Pelvic Health

A specialized, total body approach to the assessment and treatment of various conditions that involve the pelvis and pelvic floor.



A specialized approach to the assessment and treatment of various conditions that involve the pelvis and pelvic floor. The pelvic floor is comprised of ligaments, nerves, connective tissue, and a group of muscles. The muscles are a mechanical sling that supports the pelvic organs (bladder, uterus, prostate, and rectum). These muscles also wrap around your urethra, rectum and vagina. These muscles are able to contract to help maintain continence of your bladder and bowels, and they are able to relax to allow for urination, bowel movements, and in women, sexual intercourse. Furthermore, the pelvic floor muscles also contribute to our core strength, providing postural stability of our spine, pelvis, and extremities.


What to Expect during your appointment:

Pelvic floor dysfunction is assessed and diagnosed by those specially trained, including doctors and physiotherapists. Both an internal and external examination are used to properly evaluate the pelvic floor musculature for strength, tension, and function. In Europe, an internal examination remains to be the Gold Standard in proper assessment and treatment of the pelvic floor. Research continues to demonstrate that internal examinations and treatment completed by a trained physiotherapist are highly successful for pelvic floor dysfunction.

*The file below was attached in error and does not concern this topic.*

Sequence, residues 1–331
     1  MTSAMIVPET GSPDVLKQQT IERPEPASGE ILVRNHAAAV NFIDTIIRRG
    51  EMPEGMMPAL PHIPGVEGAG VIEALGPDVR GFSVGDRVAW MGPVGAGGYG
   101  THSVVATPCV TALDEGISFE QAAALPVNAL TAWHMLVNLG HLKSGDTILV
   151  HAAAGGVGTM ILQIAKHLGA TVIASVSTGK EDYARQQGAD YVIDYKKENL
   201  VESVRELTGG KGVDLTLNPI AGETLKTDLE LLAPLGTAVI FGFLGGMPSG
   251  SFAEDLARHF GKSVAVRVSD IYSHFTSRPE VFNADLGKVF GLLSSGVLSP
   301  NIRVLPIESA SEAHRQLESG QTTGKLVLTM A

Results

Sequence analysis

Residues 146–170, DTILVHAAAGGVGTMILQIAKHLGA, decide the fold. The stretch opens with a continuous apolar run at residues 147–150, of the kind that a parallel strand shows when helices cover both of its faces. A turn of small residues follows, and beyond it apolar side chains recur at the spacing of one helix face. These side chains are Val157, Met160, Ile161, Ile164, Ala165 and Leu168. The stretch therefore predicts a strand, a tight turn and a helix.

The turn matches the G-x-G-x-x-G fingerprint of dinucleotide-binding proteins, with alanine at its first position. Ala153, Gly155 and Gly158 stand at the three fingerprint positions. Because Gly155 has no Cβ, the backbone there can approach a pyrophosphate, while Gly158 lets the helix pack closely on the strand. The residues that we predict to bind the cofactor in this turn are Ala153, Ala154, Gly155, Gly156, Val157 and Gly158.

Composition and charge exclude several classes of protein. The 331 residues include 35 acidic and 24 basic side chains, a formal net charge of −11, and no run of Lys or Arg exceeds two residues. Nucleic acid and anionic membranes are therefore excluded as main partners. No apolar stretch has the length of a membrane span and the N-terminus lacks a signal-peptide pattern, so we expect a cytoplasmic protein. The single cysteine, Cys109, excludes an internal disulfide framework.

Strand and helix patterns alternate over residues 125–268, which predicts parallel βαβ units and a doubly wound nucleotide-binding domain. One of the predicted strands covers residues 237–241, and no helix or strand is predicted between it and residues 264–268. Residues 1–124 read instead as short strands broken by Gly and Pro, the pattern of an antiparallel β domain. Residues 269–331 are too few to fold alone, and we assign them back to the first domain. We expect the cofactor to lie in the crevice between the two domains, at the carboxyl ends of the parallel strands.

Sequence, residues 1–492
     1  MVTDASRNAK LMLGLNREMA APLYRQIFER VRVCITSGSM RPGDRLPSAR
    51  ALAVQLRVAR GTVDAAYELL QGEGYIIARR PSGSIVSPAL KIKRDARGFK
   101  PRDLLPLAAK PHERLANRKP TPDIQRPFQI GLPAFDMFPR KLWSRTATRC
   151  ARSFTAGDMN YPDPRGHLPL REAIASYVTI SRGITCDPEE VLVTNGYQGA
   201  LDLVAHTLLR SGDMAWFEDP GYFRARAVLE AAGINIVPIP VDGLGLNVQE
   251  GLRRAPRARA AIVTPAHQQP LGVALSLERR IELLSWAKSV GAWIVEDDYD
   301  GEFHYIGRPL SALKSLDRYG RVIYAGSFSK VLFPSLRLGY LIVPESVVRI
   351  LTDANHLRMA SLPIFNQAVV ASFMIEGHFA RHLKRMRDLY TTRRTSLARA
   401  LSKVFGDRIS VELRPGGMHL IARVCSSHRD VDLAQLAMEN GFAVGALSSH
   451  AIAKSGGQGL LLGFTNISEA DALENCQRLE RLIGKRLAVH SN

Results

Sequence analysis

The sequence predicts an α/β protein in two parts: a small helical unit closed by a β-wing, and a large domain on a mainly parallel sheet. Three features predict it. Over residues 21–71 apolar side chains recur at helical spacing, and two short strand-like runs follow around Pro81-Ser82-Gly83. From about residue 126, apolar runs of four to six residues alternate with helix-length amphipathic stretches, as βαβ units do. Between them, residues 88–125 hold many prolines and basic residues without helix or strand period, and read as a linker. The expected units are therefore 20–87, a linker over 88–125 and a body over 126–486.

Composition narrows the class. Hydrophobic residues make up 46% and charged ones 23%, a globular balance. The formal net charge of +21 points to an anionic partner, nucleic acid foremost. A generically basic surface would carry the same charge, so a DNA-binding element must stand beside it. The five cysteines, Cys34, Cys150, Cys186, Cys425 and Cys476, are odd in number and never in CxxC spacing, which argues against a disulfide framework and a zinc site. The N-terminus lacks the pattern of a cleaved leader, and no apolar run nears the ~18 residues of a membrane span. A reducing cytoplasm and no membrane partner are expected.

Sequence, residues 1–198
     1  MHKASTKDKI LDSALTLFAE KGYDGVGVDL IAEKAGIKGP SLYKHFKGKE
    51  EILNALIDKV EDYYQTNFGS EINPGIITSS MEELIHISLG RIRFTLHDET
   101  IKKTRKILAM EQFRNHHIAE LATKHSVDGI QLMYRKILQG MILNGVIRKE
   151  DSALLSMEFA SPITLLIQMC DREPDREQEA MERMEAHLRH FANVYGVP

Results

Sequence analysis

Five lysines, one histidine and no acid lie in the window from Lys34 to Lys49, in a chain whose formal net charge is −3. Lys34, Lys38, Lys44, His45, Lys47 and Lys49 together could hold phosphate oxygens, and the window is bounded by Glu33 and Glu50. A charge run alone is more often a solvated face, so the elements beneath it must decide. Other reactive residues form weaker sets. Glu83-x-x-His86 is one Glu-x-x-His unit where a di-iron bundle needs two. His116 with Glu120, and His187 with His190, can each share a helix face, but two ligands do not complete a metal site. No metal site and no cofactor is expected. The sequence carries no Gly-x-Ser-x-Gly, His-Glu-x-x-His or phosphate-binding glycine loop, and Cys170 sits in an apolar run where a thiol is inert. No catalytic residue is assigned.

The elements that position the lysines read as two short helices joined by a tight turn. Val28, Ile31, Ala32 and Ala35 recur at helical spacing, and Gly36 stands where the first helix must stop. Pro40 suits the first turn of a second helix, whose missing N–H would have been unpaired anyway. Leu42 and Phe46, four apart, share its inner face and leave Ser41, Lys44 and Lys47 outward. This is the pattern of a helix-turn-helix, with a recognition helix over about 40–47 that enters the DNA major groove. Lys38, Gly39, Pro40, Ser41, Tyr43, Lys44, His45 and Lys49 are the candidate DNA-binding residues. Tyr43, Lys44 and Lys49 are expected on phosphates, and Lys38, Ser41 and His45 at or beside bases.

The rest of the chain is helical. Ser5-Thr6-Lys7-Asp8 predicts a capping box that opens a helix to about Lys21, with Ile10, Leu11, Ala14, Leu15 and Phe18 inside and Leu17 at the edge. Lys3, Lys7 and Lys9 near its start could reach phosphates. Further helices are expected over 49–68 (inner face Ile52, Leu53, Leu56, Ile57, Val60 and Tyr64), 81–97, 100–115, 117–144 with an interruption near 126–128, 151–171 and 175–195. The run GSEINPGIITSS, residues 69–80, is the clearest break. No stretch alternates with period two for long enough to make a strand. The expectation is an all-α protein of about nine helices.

A full body evaluation is also a part of your appointment to understand all the contributing factors to your pelvic floor dysfunction or pelvic pain.


Men and Athletes too?

Pelvic Health Physiotherapy is not only for women.

For example, an overactive pelvic floor is common among men and the athletic population. This can lead to weakness, contributing to overall core weakness, low back pain, hip pain, and even incontinence with jumping, running, and other explosive movements. 

If ongoing low back or hip pain is a common occurrence for you, click on the link below to answer a few questions to see if a pelvic assessment is for you.

Kegals are not for everyone

This is the exercise commonly completed to strengthen the pelvic floor muscles.


Completing Kegels when they are done wrong or not indicated can cause more harm than good. Research shows that verbal or written instruction or cuing of pelvic floor muscle contraction is not adequate training to improve strength and function. The Society of Obstetricians and Gynecologists of Canada recommend “proper performance of Kegel exercises should be confirmed by digital vaginal examination or biofeedback” (Clinical Guidelines, 2008).